A Big Financial Mistake: Social Security Misconceptions

John Robinson |

The biggest financial planning mistakes and omissions people make often have nothing to with investments.

A client once approached us to ask if his decision to retire early would adversely affect his SS benefits even though he does not plan to claim benefits until FRA or possibly age 70. In particular, he was wondering if he should get a part-time job in order to keep earning social security eligible wages.

With respect to this issue, two common misconceptions that I regularly encounter are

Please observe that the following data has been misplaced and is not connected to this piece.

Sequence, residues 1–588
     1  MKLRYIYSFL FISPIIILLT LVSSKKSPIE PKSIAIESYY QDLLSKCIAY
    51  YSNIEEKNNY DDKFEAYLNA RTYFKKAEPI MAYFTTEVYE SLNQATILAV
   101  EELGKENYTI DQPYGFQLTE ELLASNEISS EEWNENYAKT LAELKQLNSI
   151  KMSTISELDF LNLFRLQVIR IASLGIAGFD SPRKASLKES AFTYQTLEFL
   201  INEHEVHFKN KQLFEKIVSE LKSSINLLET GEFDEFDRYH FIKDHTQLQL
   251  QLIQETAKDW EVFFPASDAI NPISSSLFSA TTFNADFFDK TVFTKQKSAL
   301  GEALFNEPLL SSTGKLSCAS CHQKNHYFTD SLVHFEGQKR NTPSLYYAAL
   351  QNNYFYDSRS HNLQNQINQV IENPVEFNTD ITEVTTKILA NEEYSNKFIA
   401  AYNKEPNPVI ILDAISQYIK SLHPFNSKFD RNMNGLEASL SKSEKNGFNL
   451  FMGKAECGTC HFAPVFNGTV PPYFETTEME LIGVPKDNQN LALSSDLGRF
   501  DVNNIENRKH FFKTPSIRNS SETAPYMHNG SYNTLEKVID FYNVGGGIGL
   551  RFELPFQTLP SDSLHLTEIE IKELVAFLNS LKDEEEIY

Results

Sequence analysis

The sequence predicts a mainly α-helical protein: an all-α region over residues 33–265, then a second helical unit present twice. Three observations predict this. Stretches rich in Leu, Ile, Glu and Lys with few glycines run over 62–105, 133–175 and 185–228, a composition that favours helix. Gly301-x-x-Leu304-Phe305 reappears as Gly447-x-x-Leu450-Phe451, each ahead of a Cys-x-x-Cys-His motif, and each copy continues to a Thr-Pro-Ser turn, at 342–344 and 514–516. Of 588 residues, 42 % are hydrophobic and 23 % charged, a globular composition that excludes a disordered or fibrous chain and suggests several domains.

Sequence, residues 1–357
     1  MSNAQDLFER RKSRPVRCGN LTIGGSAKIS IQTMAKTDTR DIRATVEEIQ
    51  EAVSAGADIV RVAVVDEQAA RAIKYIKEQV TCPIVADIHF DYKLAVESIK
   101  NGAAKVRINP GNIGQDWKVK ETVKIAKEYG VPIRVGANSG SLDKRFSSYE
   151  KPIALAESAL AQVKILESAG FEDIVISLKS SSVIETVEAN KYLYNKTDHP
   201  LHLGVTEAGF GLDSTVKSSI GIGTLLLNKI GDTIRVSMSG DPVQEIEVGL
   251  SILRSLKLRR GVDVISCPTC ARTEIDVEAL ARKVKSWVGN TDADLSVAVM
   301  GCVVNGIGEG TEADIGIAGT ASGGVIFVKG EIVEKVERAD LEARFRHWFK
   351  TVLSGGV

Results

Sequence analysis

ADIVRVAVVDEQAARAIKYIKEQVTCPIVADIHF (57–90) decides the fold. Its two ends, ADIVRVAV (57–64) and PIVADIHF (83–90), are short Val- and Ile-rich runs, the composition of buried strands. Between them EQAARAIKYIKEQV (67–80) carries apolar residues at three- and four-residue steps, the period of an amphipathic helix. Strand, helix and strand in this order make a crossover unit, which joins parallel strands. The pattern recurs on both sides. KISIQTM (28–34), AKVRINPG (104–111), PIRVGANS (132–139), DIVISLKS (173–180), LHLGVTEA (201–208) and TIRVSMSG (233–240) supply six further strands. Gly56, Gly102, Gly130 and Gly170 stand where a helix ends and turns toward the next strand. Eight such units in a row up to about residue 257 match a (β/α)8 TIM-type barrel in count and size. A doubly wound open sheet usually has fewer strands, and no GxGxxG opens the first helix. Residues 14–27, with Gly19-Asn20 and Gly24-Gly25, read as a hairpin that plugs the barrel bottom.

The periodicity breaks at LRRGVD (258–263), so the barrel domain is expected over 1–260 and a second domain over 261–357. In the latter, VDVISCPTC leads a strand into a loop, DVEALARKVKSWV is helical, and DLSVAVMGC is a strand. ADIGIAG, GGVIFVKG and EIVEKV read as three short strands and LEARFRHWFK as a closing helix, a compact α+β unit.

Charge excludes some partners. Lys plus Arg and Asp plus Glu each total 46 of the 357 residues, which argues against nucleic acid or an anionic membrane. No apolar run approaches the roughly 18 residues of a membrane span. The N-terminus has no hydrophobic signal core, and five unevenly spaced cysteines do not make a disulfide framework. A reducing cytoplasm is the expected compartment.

1. The belief that social security benefits are calculated off of either the last ten years of earnings or
  2. An individuals ten highest earnings years.

Neither is accurate. Instead, social security retirement benefits are calculated using the worker’s highest 35 years of earnings indexed for the cost of living. To the extent that the client in this anecdote had 35 full years of earnings and that the indexed value of the lowest of his highest 35 years was more than he could expect to earn from part time work, we concluded that, as far as social security is concerned, there would be no additional benefit to his working part time in retirement .

For more on this topic, see the following link from Social Security Administration – Your Retirement Benefit: How it is Figured